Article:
This is a recounting of a client I worked with many years ago, maybe in 2015 or so. As with all posts in this series there are “murals of metaphors” abundant in the original story telling which is left largely intact from my original recounting of the story — which itself has been a few years ago. The final “afterward” is a more modern reflection on my own reflection of the story.
“Play, like dreams, serves the function of self realization.” ~ D.W. Winnicott
“Trauma occurs when there is an encounter with the Real, which denies signification.” ~ Lacan
Sahira’s case is unique in that I encountered her long before I had any intention of writing these essays. Yet, it was a very specific and subtle moment that occurred to me as an intern therapist that remains a point of conversation to this day between the (then) supervising therapist and myself more than 5 years later.
Sahira is five years old when she is enrolled in our Partial Hospitalization Program. She is a particularly violent and volatile youngster. Her small frame seethes with hatred and vile disdain for everyone oozes from her pores. Her straight, dark hair often covers her eyes as she perpetually looks downward. So, to communicate you must play, and to play is to communicate. I watch her draw endlessly obscenely violent scenes in sidewalk chalk. I learn that her step-father had done nothing short of water-boarding her in the bathtub — a generous term for holding a child face up at the bottom of the bathtub under a running faucet. Hence her removal from the home.
One day I’m observing group therapy while the supervising therapist, who I still have a tremendous amount of respect for, facilitates semi-structured recreational time for the five to eight year olds. I am writing notes to myself regarding Sahira’s behavior. With the utmost intent, Sahira seeks out a toy dragon and a medium sized Barbie car. Meticulously, and with great precision, she proceeds to break the wings and legs off the dragon — behavior one might be inclined to think points towards sociopathy.
Rather than berate the child for having broken a toy, the therapist tilts her head, looks confused, and watches on. Sahira proceeds to hold the wingless, legless dragon on top of the car and push it around the room. Playfully the therapist asks Sahira, “Why does a dragon need to ride in a car?” Sahira, in typical fashion, looks up at the therapist in a scowl momentarily, and without saying a word returns to her work wheeling the dragon around.
Perhaps I’m reading too much into the situation, or looking for confirmation for beliefs I’ve already formed. Nevertheless, I write a simple message in my notebook, tear it off, and pass it to the therapist as we clean the supplies and transition the group to the next activity. The note read, “Little fire breathing monsters need a car when they don’t have legs to escape.”
Years later that therapist becomes my manager as I applied for a salaried position. Upon accepting the job offer, I found a note on my desk reminding me that that little message, a simple observation that could easily be overlooked even by a keen, seasoned therapist, had remained on the aforementioned therapist’s desk during the years that have passed.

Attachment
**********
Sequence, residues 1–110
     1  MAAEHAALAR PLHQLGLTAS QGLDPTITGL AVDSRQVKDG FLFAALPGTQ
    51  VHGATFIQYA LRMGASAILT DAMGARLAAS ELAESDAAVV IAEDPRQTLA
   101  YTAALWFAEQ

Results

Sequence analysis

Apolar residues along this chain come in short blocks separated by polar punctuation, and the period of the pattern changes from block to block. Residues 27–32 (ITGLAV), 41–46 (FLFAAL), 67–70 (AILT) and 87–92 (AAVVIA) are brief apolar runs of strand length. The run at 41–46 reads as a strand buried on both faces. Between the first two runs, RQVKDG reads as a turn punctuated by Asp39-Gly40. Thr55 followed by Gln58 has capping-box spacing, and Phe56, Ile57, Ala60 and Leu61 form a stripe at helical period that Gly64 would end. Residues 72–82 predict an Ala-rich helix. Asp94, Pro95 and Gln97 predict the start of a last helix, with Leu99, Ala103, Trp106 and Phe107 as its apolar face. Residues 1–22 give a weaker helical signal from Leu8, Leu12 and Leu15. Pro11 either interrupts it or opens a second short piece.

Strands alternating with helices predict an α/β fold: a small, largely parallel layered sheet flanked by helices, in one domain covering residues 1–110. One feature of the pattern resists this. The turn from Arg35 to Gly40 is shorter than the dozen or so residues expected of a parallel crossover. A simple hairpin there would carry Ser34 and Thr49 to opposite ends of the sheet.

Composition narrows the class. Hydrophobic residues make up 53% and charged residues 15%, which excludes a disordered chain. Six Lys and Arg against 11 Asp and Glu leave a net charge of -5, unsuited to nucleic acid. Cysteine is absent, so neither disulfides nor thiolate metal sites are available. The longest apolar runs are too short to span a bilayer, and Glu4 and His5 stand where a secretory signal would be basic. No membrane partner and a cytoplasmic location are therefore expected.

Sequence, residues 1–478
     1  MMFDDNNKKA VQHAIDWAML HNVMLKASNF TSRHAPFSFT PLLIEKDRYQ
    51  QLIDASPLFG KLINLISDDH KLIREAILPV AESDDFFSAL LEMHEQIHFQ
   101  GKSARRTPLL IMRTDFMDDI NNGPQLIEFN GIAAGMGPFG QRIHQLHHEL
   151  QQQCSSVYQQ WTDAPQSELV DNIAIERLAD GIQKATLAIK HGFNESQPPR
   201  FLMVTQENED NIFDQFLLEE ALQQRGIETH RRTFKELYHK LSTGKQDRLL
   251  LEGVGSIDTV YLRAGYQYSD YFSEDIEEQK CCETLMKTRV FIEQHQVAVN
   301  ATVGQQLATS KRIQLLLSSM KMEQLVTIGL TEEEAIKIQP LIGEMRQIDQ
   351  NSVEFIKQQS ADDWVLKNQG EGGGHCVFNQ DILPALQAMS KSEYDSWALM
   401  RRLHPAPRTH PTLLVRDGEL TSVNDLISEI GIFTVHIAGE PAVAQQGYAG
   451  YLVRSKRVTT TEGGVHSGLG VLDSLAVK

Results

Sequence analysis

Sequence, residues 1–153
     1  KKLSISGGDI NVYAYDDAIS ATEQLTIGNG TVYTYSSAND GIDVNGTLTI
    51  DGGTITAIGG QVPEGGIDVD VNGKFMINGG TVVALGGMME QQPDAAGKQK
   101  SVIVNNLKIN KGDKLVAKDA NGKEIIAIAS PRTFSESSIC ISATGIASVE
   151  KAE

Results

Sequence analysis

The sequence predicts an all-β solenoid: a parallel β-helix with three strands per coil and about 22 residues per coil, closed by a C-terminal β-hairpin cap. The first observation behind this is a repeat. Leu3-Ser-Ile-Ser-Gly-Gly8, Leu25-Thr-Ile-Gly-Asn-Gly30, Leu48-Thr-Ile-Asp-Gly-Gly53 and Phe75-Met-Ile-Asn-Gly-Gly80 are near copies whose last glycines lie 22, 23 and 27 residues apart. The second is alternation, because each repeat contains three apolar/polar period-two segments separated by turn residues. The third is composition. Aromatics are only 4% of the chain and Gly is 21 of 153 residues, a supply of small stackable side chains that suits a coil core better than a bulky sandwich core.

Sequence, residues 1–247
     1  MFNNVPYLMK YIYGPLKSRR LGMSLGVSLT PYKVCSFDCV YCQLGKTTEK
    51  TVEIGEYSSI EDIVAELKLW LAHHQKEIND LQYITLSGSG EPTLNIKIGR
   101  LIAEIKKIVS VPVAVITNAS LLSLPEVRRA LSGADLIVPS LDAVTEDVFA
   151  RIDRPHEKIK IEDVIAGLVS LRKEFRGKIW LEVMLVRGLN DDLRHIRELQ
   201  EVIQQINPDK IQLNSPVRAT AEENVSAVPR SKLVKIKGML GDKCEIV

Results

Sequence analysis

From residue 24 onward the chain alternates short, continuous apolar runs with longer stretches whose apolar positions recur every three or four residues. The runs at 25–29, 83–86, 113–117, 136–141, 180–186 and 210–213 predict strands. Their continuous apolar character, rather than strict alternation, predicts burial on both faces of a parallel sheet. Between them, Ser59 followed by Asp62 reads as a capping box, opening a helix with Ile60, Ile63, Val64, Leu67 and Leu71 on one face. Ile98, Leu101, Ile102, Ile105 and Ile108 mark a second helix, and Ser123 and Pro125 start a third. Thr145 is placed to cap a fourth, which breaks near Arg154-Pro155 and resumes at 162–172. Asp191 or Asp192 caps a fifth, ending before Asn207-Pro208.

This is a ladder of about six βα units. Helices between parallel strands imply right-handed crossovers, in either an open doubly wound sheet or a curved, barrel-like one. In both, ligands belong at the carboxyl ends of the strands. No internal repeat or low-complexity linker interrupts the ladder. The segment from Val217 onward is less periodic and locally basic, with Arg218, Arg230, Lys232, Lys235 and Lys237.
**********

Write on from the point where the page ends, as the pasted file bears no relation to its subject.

We all have blind-spots, in our personal lives (which, rest assured spill into our clinical personas) or because by definition our focus can not both be equally precise and pervasive simultaneously. No symbol is too small, particularly in the context of a child’s play. It wouldn’t be until years later that I learned to turn such insights into a therapeutic force for the patient. For Sahira, it was mostly an intellectual insight that served the treating clinicians. But, giving sincere feedback that reflects a genuinely stricken response in ourselves conveys a reverberating message of being heard, or perhaps seen, in a way that is “therapeutic.”
As in “ It’s You I Like “, I’m a bit taken back and honored to see how much I let my patients matter to me and how important I let each case become. It’s easy to get bogged down or desensitized when your every day is walking with someone through their worst.
As I suggested in the last paragraph, the purpose of this reflections isn’t so much to demonstrate a miraculous change in Sahira, but to demonstrate 1) the importance of subtle observations, and 2) how we as therapists ourselves don’t exist in a vacuum. We are implicated in the changes with our patients and our peers.
What did I even know as an intern? Well, enough that paying attention was important… obviously. Parsing metaphors aside, even the most skilled and carefully attuned therapists miss things.
Perhaps the most inspiring part of this story for me as I reflect on it is how much the note I wrote mattered to that therapist. At that time, she had worked with dozens of interns what made that exchange stand out? Furthermore, the exchange stood out enough to remain (literally and physically) with her after I had gradated and as she progressed through the management ranks.
I don’t say all that to try and paint myself as a savant of an intern. I say it to highlight how powerful our interactions with each other, as colleagues, are. It isn’t just our patient’s that shape us. It’s our mentors, anti-mentors, and students as well.
For the record, yes, I was able to locate the toy dragon mentioned in the story and it now lives in my home office.